June 22, 2010
Internals are added to fluidized beds for several reasons. The most common reason is to add heat or to remove heat from a bed using horizontal or vertical heat transfer tubes. Another common reason is to add internals to strippers to stage the bed in order to improve stripping efficiency. It is also becoming increasingly evident that the addition of internals can improve the operation of fluidized bed reactors. Some examples are: 1) adding internals (baffles) to prevent gas bypassing in deep fluidized beds, 2) adding internals to stage the bed to make it operate more like a plug flow reactor, and 3) adding internals to reduce bubble sizes in fluidized beds.
However, knowledge about internal baffles in fluidized beds is far from complete. For example, it is not known how close together vertical heat transfer tubes can be located without affecting solids circulation. Does this distance change with particle size? Also, it is not known just how horizontal baffles affect gas/solids distribution. It is thought that they improve it, but is this a function of gas velocity, particle size, etc.? In addition, it is not known how internals may affect the entrainment from a fluidized bed. Can they significantly reduce entrainment?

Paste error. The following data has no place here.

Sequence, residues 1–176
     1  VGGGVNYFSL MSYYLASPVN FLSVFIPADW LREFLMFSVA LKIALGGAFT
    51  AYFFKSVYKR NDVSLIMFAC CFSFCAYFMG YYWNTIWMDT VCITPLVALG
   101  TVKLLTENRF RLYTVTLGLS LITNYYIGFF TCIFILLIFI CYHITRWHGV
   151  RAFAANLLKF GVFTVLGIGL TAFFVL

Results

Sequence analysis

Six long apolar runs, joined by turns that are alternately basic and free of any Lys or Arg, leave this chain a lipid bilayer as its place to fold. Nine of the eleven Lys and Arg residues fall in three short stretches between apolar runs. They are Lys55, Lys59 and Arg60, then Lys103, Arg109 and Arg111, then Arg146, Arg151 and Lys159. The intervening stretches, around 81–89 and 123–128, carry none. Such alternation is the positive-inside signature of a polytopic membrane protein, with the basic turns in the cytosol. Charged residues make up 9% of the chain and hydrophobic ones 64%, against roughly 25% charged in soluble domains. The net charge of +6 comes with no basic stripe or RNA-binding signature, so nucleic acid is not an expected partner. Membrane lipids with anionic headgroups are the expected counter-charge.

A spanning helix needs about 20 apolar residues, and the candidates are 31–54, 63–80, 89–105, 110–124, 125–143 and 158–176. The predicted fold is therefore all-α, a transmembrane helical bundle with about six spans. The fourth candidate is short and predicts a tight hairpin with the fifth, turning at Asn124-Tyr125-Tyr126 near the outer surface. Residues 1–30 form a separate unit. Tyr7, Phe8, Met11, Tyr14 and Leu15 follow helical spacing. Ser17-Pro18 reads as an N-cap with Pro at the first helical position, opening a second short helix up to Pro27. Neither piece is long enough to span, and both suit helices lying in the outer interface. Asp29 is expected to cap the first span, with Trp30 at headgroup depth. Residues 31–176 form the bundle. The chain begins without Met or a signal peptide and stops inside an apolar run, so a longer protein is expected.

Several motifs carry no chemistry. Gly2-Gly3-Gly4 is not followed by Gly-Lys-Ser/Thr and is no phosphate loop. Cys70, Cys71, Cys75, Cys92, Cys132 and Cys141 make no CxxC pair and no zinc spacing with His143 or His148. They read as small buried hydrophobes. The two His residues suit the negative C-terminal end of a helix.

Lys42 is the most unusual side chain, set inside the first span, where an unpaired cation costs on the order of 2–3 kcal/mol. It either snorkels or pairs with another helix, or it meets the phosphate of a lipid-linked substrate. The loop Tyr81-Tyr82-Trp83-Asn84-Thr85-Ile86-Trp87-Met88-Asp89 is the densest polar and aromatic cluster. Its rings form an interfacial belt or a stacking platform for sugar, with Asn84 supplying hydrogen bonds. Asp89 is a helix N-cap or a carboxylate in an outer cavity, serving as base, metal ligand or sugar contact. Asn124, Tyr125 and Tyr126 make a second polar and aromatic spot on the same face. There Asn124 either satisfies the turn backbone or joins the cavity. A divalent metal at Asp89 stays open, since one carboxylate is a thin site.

The objectives of the Internals Research Program are:
•Determine the effects of horizontal and vertical internals (baffles) on fluidized bed hydrodynamics (bubble size, bubble void fraction, bed density, gas RTD, solids RTD, entrainment rate, and heat transfer coefficient) of Geldart Groups A, B and AC materials,
•Determine the forces imposed on the bed internals by the fluidized bed,
•Determine the effect of bed internals (tubes, baffles) on fluidized bed operation as a function of gas velocity, from a low-velocity bubbling bed through the turbulent regime, and
•Determine the effects of internals type (disk and doughnut, sheds, structured packing, and subway grating), internals open area, gas velocity, solids flux and inlet, and outlet stripper geometry on stripper operation (stripping efficiency).